How to Start a Story – 8 Ideas to Get Started!
Are you struggling with how to start a story?
Starting a story can be both an exciting and challenging endeavor. The beginning sets the tone for the rest of the story, grabs the reader’s attention, and introduces key elements that will become important later on. Here are some techniques and approaches to consider when starting your story:
Types of Story Openings
- The Hook: Start with an action or situation that immediately grabs the reader’s attention.
Example: “The building was on fire, and it wasn’t my fault.”
- Dialogue: Open with an intriguing conversation that poses questions for the reader.
Example: “Do you think people will still like us when we’re old and wrinkly?” she asked.
- In Media Res: Begin in the middle of a scene, skipping introductions and getting straight to the point.
Example: She ducked just in time, feeling the rush of wind as a blade swished above her head.
- Descriptive Setting: Start by vividly describing the setting, creating atmosphere and mood.
Example: It was a dark and stormy night; the rain fell in torrents, except at occasional intervals.
- Character Introduction: Begin with an interesting or detailed description of one of your main characters.
Example: Mr. Johnson was not your average history teacher, from his tattooed forearms to his penchant for heavy metal music.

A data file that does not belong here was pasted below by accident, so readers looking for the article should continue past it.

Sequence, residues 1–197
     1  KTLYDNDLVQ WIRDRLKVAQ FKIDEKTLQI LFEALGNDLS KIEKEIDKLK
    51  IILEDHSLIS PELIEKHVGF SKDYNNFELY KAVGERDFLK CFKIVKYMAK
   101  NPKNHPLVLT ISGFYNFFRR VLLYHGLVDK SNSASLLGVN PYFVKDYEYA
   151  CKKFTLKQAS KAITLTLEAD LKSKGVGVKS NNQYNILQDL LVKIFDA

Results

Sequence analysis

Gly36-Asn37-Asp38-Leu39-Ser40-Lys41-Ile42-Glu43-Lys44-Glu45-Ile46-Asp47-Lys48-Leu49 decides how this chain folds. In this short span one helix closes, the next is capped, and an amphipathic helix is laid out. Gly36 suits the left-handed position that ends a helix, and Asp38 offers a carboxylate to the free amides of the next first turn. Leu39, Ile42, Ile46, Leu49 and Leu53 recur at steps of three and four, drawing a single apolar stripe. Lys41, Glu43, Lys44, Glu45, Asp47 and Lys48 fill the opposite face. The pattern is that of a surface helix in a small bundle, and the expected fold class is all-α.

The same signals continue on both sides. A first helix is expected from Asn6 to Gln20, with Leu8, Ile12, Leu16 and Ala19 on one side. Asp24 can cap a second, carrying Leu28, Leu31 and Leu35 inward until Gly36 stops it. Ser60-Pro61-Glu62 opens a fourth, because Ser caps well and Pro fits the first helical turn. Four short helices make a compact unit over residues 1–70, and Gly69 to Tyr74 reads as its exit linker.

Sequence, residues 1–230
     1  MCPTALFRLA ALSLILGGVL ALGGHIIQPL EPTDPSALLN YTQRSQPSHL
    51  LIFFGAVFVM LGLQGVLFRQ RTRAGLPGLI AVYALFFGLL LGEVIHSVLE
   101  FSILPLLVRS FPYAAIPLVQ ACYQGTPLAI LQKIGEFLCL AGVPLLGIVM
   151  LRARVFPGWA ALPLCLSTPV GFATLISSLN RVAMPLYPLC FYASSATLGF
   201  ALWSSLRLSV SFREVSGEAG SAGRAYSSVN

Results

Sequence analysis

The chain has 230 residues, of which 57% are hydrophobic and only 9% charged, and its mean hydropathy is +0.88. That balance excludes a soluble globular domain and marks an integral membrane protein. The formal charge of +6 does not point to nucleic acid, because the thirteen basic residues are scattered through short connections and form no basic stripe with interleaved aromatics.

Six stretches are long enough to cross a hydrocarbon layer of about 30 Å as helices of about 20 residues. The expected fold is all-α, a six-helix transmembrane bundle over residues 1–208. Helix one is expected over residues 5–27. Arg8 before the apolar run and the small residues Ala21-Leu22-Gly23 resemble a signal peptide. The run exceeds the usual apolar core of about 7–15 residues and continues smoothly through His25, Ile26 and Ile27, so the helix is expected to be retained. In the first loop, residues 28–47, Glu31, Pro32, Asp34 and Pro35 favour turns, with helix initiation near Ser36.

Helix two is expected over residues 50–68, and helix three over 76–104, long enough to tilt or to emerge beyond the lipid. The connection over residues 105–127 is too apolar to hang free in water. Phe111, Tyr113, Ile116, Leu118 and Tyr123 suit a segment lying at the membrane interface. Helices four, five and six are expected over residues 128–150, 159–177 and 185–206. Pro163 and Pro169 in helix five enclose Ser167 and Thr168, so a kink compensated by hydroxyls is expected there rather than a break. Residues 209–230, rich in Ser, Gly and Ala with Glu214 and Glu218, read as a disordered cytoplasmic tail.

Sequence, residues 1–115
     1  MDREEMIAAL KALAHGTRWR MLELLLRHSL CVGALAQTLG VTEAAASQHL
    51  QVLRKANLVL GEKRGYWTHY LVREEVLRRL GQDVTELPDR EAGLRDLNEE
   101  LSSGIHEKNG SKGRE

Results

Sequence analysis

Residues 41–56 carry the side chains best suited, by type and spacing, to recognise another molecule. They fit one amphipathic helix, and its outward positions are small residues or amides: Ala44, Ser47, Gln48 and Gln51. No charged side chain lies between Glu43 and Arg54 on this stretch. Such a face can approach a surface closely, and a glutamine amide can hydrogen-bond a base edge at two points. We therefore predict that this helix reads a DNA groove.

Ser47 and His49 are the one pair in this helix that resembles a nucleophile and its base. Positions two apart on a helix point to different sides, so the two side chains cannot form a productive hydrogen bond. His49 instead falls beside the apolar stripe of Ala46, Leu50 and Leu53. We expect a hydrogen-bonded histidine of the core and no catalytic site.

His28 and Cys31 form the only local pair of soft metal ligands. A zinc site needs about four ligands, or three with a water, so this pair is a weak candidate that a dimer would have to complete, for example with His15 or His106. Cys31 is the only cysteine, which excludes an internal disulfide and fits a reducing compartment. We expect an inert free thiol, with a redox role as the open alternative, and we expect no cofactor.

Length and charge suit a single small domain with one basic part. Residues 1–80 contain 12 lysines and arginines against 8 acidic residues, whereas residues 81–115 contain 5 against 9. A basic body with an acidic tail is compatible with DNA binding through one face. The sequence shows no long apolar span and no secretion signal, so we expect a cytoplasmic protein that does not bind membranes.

- Question: Start with a question to engage the reader’s curiosity.
Example: What would you do if you found a suitcase filled with a million dollars?
- Theme or Philosophical Statement: Begin with a sentence that encapsulates the theme or a philosophical element of the story.
Example: In our family, love was a term used as a manipulation tool.
- Flashforward or Flashback: Use a moment from the future or the past as your opening scene.
Example: Looking back, I never would have guessed that a simple walk in the park would change my life forever.
Tips for Starting Your Story
- Be Clear: The opening should not be so complex that it confuses the reader.
- Set the Tone: Make sure your opening aligns with the overall tone and genre of your story.
- Introduce Conflict: Early hints at the central conflict can be very engaging.
- Be Brief: Don’t get bogged down with too much information. Aim to move the story forward.
- Revise: Often, you won’t know the best way to start until you’ve written the middle and the end. Don’t be afraid to come back and revise your opening.
- Test It: Read your opening out loud, and consider how it sounds. Also, seek feedback from others to gauge its effectiveness.
- Ignore the Pressure: If you’re stuck, just start writing. You can always revise later. Sometimes the best way to find the perfect beginning is to start writing the not-so-perfect one.
Remember, the beginning serves as an invitation to the reader. It should intrigue, inform, and set the stage for what’s to come. No matter which method or technique you choose, the key is to engage your reader so they want to continue on this journey with you.